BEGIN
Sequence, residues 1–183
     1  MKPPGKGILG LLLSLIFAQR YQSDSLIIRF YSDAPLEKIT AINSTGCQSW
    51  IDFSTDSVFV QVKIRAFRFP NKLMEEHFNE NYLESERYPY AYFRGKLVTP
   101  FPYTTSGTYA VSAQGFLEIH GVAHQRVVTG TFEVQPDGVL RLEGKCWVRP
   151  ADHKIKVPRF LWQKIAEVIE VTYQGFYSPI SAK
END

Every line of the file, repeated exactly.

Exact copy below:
Sequence, residues 1–183
     1  MKPPGKGILG LLLSLIFAQR YQSDSLIIRF YSDAPLEKIT AINSTGCQSW
    51  IDFSTDSVFV QVKIRAFRFP NKLMEEHFNE NYLESERYPY AYFRGKLVTP
   101  FPYTTSGTYA VSAQGFLEIH GVAHQRVVTG TFEVQPDGVL RLEGKCWVRP
   151  ADHKIKVPRF LWQKIAEVIE VTYQGFYSPI SAK